It took all day yesterday, till about 6.00 p.m., for the traffic on the ARC's website to lighten up enough to let me on. All round the nation, eager scholars were trying to log on in order to start the torturous process of second-guessing the fate of their applications, remembering that these reports are only half the picture. As we did last year, we received four reports on our team project: three are strong, with only one or two little quibbles; the fourth seems to be written from a different disciplinary perspective...

I find I'm being rather coy about the content here: don't want to boast about the good things the reviewers say about the project, and don't want to tempt fate by criticising the fourth report. (Anyone in Arts at Melbourne who's interested, and who is going through this process, is welcome to contact me and I'll share reports and the rejoinder, when it's drafted.) Seems to me that the reports are substantially stronger, on balance, than last year, and IF this translates into higher scores, and IF we write a good rejoinder and IF the college of experts can see that (a) the application is stronger than last year and (b) the assessors overall agree that it is (one of them, who read it last year as well, even says so, which is fantastically helpful), then we are in with a good chance, given that we came so close last year.

But... there will be hundreds of applications all with similar claims, all clustered around the cut-off point, whatever it is. And stories are legion of people with good reports not getting grants, and people with mixed and even very critical reports being successful. We know that there is a high degree of uncertainty about this process, given that the written reports we see are really just advice to the College of Experts. It's just that the lead time is so very long. According to some schedules, you should start in July to write the application you submit in February and find out about in November, to start the research in the following January. That's a lead time of about eighteen months. For post-doctoral applications, this is pretty unrealistic.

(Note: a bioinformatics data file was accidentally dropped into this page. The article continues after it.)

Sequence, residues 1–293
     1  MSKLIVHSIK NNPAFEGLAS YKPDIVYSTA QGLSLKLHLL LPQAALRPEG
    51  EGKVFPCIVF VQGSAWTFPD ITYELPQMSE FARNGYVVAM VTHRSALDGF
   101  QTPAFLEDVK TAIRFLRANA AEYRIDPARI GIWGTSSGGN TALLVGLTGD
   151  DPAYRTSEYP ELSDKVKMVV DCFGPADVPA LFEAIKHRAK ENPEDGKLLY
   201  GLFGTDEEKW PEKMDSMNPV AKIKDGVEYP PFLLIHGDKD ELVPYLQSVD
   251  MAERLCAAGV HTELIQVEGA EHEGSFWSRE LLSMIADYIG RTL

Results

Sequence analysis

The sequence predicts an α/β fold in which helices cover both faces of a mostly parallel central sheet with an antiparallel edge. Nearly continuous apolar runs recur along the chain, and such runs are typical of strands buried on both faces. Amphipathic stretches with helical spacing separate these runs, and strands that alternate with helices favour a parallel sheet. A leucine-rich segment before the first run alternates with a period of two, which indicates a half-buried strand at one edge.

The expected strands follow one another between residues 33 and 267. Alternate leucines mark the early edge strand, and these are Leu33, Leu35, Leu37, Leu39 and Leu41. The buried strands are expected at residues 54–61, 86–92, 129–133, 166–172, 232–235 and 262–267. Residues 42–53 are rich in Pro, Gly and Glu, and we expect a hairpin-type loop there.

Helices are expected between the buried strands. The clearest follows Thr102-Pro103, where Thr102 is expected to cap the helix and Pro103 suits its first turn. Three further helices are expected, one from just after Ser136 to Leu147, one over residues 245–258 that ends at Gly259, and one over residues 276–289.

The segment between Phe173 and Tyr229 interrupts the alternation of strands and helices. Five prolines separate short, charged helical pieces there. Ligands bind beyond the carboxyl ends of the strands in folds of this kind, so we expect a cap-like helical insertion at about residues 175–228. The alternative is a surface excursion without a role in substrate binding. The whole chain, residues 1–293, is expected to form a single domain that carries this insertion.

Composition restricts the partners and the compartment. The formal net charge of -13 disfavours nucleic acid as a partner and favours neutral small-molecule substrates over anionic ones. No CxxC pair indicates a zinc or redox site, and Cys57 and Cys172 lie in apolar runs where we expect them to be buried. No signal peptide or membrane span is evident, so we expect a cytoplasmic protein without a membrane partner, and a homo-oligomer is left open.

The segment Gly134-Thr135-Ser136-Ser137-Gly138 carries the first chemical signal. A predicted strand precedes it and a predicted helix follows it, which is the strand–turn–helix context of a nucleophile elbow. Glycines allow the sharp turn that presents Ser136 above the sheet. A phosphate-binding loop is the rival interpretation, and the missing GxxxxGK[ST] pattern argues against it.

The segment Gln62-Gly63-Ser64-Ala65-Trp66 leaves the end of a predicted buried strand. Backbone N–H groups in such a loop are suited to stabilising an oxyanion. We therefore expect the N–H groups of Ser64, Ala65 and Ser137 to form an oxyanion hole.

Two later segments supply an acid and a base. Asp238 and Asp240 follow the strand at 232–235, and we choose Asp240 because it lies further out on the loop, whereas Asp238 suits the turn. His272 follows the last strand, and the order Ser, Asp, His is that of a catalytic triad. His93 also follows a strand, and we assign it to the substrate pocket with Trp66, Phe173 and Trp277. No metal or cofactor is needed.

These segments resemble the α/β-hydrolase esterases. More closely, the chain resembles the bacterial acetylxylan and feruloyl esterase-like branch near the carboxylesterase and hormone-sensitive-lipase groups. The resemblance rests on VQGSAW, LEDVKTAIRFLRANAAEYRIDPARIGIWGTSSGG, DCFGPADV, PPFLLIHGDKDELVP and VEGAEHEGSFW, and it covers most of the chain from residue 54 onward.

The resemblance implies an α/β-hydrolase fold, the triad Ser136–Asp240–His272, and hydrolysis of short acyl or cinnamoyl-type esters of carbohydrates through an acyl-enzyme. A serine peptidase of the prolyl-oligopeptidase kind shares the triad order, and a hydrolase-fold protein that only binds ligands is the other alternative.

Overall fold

If we get this grant, it would be just wonderful, and will give me and my collaborators the opportunity to do some really exciting work together, and with our international partner, and with the PhD students whose stipends we've applied for. If we don't, we'll have to face up to submitting it for the third time. And I will then have to decide whether I also press ahead with my individual application on public and popular culture in a manuscript era, whereas the only research I really want to focus on between now and over the summer to come is my Garter book.

It's just so important that we keep getting these grants, though, as funding for our Schools and Faculties increasingly depends on how many dollars we are able to raise for our research. On the latest proposal, the formula would be 50% on higher degree completions; 40% on research income; and 10% on publications. Sigh. I must admit it does seem as if Australian academics really do struggle under this system. We are well resourced in many ways (well, especially at the older and wealthier universities like mine), but it is sometimes hard not to look on with envy at colleagues in the US who don't have to put themselves through this annual mill.

Tuesday, June 19, 2007

Waiting for the Reports

This blog began in part to keep track of a grant application to the Australian Research Council. In the end, I didn't work on that application after I became ill, but in February I did re-submit a collaborative application that had come close to success the previous year. It is often said that one's best chance of ensuring success is any given year is to re-submit; we made quite a few changes to our scope and method, sharpened the application generally, and updated our track records, of course.

Today, the reports are supposed to be available on line. Actually, they were supposed to be on the ARC site last Friday, but a delay was announced; and at 1.30 this morning (according to the collaborative team member with by far the youngest children), they were still uploading them. And this morning it is so jammed I can't log on to the site at all.

Last year we had four reports (you can get up to six, or as few as none, if you are incredibly unlucky). Two were strong, but brief; two were more mixed but longer, so the rejoinder was difficult to write. Still, we made it into the top 10% of unfunded grants.